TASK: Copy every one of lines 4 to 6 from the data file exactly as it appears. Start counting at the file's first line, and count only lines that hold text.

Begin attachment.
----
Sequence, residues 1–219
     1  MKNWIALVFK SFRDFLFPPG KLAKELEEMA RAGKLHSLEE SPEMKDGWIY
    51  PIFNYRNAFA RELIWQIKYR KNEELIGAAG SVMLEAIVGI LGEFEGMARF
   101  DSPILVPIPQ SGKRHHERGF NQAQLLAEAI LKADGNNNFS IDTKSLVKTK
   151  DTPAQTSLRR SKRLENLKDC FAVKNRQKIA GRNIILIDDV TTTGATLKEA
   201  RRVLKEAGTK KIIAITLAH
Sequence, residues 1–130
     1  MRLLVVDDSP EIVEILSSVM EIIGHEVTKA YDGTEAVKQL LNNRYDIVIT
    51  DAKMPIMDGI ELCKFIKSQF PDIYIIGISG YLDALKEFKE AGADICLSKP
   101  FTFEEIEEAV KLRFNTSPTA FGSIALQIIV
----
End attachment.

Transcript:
   101  DSPILVPIPQ SGKRHHERGF NQAQLLAEAI LKADGNNNFS IDTKSLVKTK
   151  DTPAQTSLRR SKRLENLKDC FAVKNRQKIA GRNIILIDDV TTTGATLKEA
   201  RRVLKEAGTK KIIAITLAH